Send to

Choose Destination
Pediatrics. 2019 Apr;143(4). pii: e20182012. doi: 10.1542/peds.2018-2012.

Differences in Parent-Toddler Interactions With Electronic Versus Print Books.

Author information

Department of Pediatrics, Medical School,
Departments of Health Behavior and Health Education.
Center for Human Growth and Development, University of Michigan, Ann Arbor, Michigan.
Nutritional Sciences, and.
Biostatistics, School of Public Health, and.
Department of Pediatrics, Medical School.



Previous research has documented less dialogic interaction between parents and preschoolers during electronic-book reading versus print. Parent-toddler interactions around commercially available tablet-based books have not been described. We examined parent-toddler verbal and nonverbal interactions when reading electronic versus print books.


We conducted a videotaped, laboratory-based, counterbalanced study of 37 parent-toddler dyads reading on 3 book formats (enhanced electronic [sound effects and/or animation], basic electronic, and print). We coded verbalizations in 10-second intervals for parents (dialogic, nondialogic, text reading, format related, negative format-related directives, and off task) and children (book related, negative, and off task). Shared positive affect and collaborative book reading were coded on a scale of 1 to 5 (5 = high). Proc Genmod and Proc Mixed analyzed within-subjects variance by book format.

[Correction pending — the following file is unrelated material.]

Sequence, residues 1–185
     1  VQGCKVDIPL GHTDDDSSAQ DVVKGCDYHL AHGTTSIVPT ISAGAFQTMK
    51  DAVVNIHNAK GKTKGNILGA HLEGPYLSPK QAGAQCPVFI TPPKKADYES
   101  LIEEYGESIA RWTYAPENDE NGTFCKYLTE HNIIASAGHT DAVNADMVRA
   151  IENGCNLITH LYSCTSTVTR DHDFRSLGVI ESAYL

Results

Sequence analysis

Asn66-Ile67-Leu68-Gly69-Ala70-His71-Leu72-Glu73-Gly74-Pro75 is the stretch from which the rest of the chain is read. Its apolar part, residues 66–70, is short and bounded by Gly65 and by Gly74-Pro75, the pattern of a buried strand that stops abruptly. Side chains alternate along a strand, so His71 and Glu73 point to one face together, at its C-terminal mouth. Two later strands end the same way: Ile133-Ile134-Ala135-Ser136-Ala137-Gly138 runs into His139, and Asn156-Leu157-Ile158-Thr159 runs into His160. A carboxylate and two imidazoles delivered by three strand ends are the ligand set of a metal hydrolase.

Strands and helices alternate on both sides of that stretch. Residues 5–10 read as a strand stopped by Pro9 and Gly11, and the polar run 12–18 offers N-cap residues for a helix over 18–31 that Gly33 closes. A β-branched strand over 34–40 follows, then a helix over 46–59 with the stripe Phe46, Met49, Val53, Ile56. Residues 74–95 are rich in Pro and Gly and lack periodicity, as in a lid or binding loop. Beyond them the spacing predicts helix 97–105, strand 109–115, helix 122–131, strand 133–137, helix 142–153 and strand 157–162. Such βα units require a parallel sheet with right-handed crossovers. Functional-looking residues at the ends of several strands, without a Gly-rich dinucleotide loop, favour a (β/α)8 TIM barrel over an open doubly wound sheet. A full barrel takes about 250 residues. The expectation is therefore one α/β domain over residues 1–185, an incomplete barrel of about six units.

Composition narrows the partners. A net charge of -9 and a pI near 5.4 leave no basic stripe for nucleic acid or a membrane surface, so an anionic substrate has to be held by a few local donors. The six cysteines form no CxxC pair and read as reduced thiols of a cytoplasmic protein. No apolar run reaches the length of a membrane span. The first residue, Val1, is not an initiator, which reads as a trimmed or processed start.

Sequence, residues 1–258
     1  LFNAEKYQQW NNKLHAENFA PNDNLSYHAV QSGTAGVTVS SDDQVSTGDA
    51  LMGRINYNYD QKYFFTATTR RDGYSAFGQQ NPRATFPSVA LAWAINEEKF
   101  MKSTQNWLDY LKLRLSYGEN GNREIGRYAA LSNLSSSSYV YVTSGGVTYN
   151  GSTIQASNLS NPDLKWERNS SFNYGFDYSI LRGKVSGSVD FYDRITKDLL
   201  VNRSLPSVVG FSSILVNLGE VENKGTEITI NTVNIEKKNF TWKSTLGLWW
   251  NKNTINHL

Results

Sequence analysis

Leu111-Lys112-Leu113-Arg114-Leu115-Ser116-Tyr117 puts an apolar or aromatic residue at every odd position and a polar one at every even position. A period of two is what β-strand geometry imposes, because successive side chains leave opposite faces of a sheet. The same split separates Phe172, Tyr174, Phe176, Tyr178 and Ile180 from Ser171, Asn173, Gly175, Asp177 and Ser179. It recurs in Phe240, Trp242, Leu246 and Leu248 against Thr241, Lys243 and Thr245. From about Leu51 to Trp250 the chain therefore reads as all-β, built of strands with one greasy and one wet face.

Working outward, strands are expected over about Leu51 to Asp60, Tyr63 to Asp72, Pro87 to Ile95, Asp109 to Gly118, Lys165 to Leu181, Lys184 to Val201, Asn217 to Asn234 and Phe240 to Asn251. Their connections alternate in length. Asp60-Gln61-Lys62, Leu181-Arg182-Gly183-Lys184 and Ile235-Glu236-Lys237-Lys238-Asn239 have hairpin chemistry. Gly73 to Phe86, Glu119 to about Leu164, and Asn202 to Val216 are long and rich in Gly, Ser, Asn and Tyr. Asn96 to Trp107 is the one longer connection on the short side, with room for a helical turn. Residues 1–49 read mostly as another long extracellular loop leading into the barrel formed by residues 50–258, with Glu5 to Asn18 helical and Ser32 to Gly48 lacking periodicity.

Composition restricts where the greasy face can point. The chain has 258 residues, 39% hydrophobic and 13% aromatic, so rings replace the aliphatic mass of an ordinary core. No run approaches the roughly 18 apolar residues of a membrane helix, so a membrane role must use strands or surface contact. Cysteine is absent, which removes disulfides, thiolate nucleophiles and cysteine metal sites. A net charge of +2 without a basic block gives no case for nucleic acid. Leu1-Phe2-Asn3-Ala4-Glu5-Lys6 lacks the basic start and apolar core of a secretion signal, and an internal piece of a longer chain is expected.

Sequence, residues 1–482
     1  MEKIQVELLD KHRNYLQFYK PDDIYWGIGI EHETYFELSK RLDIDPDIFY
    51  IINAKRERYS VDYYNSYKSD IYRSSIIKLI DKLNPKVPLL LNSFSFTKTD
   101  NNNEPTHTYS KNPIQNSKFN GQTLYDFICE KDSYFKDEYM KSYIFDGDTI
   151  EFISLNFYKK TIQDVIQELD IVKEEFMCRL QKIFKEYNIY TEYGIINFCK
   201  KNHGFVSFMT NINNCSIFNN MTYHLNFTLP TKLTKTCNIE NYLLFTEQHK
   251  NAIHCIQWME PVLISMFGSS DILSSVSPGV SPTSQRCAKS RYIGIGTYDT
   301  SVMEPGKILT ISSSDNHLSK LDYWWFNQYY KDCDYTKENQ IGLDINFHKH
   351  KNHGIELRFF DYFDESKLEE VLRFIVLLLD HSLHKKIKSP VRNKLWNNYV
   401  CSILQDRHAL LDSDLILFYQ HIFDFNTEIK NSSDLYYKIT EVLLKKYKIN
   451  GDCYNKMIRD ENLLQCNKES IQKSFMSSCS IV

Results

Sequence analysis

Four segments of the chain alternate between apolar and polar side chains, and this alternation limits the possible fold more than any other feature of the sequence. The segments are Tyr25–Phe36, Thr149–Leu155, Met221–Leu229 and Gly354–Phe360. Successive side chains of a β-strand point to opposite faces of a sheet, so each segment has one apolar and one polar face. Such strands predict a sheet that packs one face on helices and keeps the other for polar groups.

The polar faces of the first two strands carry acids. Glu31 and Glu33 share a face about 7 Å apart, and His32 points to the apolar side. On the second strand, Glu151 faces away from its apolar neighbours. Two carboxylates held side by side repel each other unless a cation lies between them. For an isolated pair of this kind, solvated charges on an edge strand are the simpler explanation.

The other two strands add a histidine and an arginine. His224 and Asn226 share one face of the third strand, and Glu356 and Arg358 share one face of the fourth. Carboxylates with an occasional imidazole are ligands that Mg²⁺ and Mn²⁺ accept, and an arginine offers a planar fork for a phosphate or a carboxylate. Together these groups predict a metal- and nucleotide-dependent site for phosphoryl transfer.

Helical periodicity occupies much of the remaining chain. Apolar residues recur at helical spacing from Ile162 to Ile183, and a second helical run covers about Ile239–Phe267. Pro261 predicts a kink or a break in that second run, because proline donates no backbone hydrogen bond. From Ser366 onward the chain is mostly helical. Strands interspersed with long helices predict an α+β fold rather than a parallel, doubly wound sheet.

Parents showed significantly more dialogic (print 11.9; enhanced 6.2 [P < .001]; basic 8.3 [P < .001]), text-reading (print 14.3; enhanced 10.6 [P = .003]; basic 14.4 [P < .001]), off-task (print 2.3; enhanced 1.3 [P = .007]), and total (29.5; enhanced 28.1 [P = .003]; basic 29.3 [P = .005]) verbalizations with print books and fewer format-related verbalizations (print 1.9; enhanced 10.0 [P < .001]; basic 8.3 [P < .001]). Toddlers showed more book-related verbalizations (print 15.0; enhanced 11.5 [P < .001]; basic 12.5 [P = .005]), total verbalizations (print 18.8; enhanced 13.8 [P < .001]; basic 15.3 [P < .001]), and higher collaboration scores (print 3.1; enhanced 2.7 [P = .004]; basic 2.8 [P = .02]) with print-book reading.


Parents and toddlers verbalized less with electronic books, and collaboration was lower. Future studies should examine specific aspects of tablet-book design that support parent-child interaction. Pediatricians may wish to continue promoting shared reading of print books, particularly for toddlers and younger children.


Conflict of interest statement

POTENTIAL CONFLICT OF INTEREST: Dr Radesky is paid to write articles for PBS Parents and is on the board of directors and consults for Melissa and Doug; the other authors have indicated they have no potential conflicts of interest to disclose.

Supplemental Content

Full text links

Icon for HighWire
Loading ...
Support Center